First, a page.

Looking back, it is kind of difficult to believe that it has been nearly fourteen years since a fully realized entry in the Prince of Persia franchise has been released. Sure, there have been efforts to remake one of the original games only for it to land itself in developmental hell and in many ways, Ubisoft’s own Assassin’s Creed franchise has taken on parts of the series’ mantle. Still, there was always something charming and endearing about the history of the Prince of Persia franchise and now being able to once again return to this storied series with a brand new metroidvania entry hopes to be a delight. Are these hopes dashed upon the sands or is Prince of Persia: The Lost Crown a worthwhile entry in the franchise?
Sargon is a young hero and one of the most skilled members of the famed “The Immortals” that serve to protect the Persian Empire from any and all invading forces. After successfully defeating such an invasion, the celebration is cut short when the real prince of Persia Ghassan is kidnapped and taken away to the cursed citadel of Mount Qaf. With his fellow Immortals in tow, Sargon pursues his kidnappers only to find that the once sacred Mount Qaf that was seen as the home of the divine bird Simurgh has fallen into complete disarray and is now a land where time is not as it seems, the undead walk freely while magical beasts roam the hallways and those unlucky enough to survive find themselves trapped within a time that is no longer their own.
With only his skills to guide him and a bit of help from the other Immortals, Sargon must try to rescue the prince while also discovering the root of what happened on Mount Qaf, because resolving this issue might just be the thing that can save them all. Thanks to the flow of time being broken and easily meddled with on Mount Qaf, the story is able to take advantage of unique paradox style situations and allow for interesting setups that would otherwise be impossible. Along these same lines, the storyline is filled with some rather satisfying twists and turns that can be rather surprising. Sure, a few are a bit predictable, but many caught me off guard despite genre staples. There are also a number of simpler side-quests and extra bits of lore and storyline to discover should players choose to take them on. These bits of side-quest are optional and often reward players with talisman charms, tabs that can give Sargon more health, and more but the best part is often learning more about the plights of the humans still surviving within Mount Qaf despite being displaced out of their own time. This allows for a satisfying story that works narratively well alongside its gameplay to create a fulfilling tale for a metroidvania.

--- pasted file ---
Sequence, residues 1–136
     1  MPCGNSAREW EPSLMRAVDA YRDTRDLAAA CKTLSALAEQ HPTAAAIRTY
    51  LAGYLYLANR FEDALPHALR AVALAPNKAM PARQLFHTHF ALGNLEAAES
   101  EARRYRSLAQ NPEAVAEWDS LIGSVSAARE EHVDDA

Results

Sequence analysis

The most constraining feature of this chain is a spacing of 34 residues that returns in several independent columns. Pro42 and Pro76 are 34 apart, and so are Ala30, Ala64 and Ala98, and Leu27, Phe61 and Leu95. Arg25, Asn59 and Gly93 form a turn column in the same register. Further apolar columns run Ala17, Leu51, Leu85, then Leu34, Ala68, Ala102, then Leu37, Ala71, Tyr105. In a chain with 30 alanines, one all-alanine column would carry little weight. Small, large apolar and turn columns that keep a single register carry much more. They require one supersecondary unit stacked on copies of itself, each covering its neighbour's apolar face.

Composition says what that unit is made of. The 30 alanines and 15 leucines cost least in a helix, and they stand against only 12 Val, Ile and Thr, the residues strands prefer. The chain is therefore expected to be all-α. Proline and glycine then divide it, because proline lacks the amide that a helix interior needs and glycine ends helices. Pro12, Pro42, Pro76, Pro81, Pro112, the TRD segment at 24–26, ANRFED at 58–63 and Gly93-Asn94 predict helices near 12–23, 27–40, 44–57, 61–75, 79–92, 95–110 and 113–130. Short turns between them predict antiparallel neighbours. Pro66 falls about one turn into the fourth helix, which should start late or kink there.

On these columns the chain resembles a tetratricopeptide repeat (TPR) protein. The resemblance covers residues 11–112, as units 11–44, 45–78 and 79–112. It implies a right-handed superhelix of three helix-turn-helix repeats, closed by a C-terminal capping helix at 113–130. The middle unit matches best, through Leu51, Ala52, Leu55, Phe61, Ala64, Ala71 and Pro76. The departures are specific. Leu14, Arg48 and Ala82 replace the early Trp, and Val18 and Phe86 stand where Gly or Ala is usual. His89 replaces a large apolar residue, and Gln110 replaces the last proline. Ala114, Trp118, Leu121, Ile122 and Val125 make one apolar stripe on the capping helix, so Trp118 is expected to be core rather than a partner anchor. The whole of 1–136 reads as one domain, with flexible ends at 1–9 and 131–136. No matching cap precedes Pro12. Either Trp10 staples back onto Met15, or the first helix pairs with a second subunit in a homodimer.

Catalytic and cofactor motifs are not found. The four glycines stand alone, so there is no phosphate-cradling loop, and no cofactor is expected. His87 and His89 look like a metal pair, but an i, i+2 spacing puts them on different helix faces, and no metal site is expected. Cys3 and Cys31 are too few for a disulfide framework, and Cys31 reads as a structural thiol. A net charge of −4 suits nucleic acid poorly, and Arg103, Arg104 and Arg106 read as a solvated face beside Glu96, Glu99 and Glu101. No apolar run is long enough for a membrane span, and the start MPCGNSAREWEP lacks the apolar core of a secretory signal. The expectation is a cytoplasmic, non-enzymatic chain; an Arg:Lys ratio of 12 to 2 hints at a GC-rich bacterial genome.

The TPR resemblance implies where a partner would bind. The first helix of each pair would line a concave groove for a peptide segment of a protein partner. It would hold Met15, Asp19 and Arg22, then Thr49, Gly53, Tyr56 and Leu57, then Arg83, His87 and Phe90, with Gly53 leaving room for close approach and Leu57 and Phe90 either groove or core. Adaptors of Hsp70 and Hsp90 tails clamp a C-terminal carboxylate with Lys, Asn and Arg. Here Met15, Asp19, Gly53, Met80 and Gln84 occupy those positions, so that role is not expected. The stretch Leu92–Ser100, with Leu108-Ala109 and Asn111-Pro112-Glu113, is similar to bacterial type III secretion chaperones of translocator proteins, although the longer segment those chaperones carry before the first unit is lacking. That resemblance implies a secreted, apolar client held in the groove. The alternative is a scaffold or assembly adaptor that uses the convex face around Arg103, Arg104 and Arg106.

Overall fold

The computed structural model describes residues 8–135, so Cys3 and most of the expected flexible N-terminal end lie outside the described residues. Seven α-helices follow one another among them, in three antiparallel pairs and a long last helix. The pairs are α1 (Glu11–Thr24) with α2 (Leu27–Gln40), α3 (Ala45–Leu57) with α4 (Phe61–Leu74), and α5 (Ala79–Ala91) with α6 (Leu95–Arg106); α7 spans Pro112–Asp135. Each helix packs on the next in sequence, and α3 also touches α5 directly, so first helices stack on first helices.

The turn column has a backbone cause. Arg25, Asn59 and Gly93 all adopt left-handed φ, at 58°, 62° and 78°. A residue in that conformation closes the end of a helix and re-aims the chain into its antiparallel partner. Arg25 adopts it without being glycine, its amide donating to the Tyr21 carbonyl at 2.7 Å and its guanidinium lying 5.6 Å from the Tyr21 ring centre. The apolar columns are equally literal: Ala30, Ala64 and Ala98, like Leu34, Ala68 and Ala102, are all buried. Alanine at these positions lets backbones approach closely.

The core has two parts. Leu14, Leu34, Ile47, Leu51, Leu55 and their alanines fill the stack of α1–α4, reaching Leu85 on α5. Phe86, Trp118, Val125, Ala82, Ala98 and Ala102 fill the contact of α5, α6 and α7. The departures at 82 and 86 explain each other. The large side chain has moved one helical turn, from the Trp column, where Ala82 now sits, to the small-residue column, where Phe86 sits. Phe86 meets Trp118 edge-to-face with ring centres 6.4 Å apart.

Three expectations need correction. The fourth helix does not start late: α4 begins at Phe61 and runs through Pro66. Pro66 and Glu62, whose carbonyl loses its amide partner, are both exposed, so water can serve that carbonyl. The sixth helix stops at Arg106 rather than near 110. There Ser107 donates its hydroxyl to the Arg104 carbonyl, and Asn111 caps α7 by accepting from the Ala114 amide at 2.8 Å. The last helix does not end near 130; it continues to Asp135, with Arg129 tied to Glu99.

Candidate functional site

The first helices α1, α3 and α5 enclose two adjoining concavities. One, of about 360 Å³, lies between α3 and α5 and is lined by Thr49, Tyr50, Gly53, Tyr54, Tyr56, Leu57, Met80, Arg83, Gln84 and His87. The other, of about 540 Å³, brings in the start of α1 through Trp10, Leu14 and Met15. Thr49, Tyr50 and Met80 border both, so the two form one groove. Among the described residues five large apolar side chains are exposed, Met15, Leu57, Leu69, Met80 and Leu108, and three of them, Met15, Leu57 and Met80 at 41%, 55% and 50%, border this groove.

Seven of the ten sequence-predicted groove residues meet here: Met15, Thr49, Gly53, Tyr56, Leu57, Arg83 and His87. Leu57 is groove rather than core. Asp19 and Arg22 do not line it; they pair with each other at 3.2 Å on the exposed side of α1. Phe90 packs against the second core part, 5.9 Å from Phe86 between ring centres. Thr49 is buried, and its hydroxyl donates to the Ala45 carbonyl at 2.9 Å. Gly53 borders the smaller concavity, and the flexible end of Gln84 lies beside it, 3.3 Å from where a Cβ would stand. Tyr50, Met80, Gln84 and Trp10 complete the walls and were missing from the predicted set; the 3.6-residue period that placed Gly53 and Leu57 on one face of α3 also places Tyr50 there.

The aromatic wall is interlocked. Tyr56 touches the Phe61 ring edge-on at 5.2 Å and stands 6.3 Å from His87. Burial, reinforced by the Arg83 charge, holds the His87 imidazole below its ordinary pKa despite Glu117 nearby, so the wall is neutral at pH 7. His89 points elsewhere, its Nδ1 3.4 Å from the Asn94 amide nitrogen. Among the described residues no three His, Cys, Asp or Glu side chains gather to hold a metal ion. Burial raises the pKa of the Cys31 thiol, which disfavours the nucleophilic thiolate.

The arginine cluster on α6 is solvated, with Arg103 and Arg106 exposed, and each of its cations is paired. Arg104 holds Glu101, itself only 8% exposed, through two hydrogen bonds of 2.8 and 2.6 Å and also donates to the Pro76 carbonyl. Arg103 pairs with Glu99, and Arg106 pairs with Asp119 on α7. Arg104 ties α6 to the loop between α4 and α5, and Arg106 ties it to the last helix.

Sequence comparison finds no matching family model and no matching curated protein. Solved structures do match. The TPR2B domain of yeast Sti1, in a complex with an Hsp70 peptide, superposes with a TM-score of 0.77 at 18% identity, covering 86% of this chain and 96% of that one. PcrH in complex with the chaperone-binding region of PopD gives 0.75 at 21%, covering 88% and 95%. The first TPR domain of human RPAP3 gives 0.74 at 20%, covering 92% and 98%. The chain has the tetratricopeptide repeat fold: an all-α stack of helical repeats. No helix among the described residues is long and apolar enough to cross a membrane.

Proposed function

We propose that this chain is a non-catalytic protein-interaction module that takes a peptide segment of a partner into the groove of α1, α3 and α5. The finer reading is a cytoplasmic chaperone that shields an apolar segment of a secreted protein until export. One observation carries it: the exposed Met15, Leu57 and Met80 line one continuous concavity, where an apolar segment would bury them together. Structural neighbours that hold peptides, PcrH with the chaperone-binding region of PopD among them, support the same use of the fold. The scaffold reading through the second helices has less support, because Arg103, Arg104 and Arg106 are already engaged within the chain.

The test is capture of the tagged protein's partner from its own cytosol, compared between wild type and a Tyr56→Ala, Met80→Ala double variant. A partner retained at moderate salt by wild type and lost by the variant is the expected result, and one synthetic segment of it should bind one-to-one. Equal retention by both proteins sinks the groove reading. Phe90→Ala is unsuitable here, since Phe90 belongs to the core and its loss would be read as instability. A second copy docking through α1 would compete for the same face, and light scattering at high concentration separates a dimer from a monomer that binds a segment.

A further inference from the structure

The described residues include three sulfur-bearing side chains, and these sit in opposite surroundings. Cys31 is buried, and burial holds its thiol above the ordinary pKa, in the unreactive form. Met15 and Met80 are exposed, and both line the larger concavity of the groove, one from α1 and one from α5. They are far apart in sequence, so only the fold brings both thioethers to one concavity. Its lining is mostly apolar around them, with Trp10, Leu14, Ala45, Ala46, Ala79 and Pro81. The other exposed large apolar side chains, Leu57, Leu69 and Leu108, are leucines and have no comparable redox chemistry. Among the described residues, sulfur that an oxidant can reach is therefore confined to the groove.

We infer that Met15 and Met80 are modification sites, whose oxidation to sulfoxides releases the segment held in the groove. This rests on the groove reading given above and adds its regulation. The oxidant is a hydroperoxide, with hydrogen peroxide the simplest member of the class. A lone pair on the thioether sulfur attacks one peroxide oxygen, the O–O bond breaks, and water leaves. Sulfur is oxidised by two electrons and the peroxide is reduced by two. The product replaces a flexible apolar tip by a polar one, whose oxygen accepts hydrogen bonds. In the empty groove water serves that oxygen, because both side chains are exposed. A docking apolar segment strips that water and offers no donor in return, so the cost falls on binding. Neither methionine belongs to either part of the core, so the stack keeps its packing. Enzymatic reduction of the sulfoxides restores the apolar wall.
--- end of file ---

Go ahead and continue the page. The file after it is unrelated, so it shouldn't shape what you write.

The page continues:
Ubisoft Montpellier has managed to craft a stellar metroidvania styled Prince of Persia game here by combining some expertly crafted platforming sequences, some challenging puzzles, and of course plenty of enjoyable combat with an ever increasing array of options available to players as they progress through the game. Initially, Sargon can only make use of his dual-blades, a simple combo and heavy attack, and the ability to dodge and parry blows. The parry happens to be one Sargon’s most powerful tools as it negates all enemy damage most of the time, though attacks that glow red must be dodged. Along those same lines, yellow glowing attacks can be parried into a punishing counter attack unique to each type of foe, capable of dealing massive damage to the enemy if pulled off correctly. Combat grows increasingly complex as players acquire more upgrades, extending Sargon’s combos, offering new weaponry for him to utilize, providing additional powers, and far more to make the already enticing combat all the more exhilarating.